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Re: Concurrency via isolated process/thread

From: Eli Zaretskii
Subject: Re: Concurrency via isolated process/thread
Date: Mon, 24 Jul 2023 19:00:31 +0300

> From: Ihor Radchenko <yantar92@posteo.net>
> Cc: luangruo@yahoo.com, emacs-devel@gnu.org
> Date: Mon, 24 Jul 2023 14:24:32 +0000
> Eli Zaretskii <eliz@gnu.org> writes:
> > So the goal is to eventually support true concurrency in Emacs?
> Yes.

OK, thanks.

> > ... so these steps only make sense if the
> > concurrency is attainable via these measures?
> Yes, except that the part about thread-local point and restriction may
> be more generally useful.

I suggest to forget that latter part: we have a "generally useful"
code already, so changing it without a very good reason is not wise,
from where I stand.

> > You are considering just the simplest scenario.  Usually, Lisp
> > programs in Emacs not only read text, they also write and delete it.
> > What if one thread makes changes to buffer text and another thread
> > then wants to access it using its state variables?  E.g., what do you
> > plan doing about the gap? will thread switch move the gap or
> > something? that alone is a performance killer.
> AFAIK, reading buffer does not require moving the gap.

We've been through that: at least xml.c moves the gap to allow
external libraries access to buffer text as a single contiguous C
string.  This is a capability I wouldn't want to lose, because it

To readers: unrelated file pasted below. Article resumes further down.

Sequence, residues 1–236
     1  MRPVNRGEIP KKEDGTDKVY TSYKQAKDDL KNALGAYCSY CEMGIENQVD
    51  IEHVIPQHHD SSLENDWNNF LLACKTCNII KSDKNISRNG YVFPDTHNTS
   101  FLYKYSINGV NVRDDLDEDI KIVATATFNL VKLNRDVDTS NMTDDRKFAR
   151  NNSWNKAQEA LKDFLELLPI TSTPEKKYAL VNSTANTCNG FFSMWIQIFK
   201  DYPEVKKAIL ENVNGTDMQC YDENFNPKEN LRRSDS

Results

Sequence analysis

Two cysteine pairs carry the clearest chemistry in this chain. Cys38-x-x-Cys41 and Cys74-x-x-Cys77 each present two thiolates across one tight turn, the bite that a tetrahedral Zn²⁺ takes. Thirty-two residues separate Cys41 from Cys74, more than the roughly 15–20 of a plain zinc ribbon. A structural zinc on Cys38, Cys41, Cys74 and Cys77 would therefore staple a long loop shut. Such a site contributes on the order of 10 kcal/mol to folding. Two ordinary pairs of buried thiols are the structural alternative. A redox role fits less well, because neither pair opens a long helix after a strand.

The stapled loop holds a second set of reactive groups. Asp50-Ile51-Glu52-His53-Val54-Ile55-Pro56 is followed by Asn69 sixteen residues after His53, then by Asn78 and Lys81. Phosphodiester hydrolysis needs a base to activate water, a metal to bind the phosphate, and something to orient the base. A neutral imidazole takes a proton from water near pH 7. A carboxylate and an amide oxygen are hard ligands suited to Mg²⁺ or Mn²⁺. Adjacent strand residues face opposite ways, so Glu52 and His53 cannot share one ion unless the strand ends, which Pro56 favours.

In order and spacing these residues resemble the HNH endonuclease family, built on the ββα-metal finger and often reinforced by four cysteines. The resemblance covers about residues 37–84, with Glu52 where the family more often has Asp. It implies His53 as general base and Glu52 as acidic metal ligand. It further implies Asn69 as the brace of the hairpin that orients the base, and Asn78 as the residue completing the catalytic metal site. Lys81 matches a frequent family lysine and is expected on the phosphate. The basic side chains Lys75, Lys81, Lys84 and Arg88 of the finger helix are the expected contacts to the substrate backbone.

might come in handy in future developments.

> We only need to move the gap when buffer is changed or before copying
> text region from buffer to another buffer. Both such operations should
> be considered buffer modifications and must be blocking.
> > To be a step in the general direction of achieving concurrency, we
> > need some plan that will at least in principle allow concurrent
> > editing.  Even if "concurrent" here means that only one thread can
> > write to a buffer at a time, we still need to see how this will work
> > when other threads are unblocked once the writer thread is done
> > writing.  Can you describe how this will work, assuming we keep the
> > current design of buffer with a gap?
> The idea is the same as with what is already done for indirect buffers.
> Indirect buffer modification will affect buffer_text object in the
> base buffer (automatically - buffer_text object is shared). And they
> will also affect point position in the base buffer.
> The point adjustment in the base buffer is done simply by storing point
> as a marker. We can do the same for thread-local point positions.

I still don't quite see how this will work.  Indirect buffers don't
introduce parallelism, and programs that modify indirect buffers
_know_ that the text of the base buffer will also be modified.  By
contrast, a thread that has been preempted won't know and won't expect
that.  It could, for example, keep buffer positions in simple
variables, not in markers; almost all Lisp programs do that, and use
markers only in very special situations.

In addition, on the C level, some code computes pointers to buffer
text via BYTE_POS_ADDR, and then uses the pointer as any C program
would.  If such a thread is suspended, and some other thread modifies
buffer text in the meantime, all those pointers will be invalid, and
we have bugs.  So it looks like, if we want to allow concurrent access
to buffers from several threads, we will have a lot of code rewriting
on our hands, and the rewritten code will be less efficient, because
it will have to always access buffer text via buffer positions and
macros like FETCH_BYTE and fetch_char_advance; access through char *
pointers will be lost forever.

So maybe we should take a step back and consider a restriction that
only one thread can access a buffer at any given time?  WDYT?

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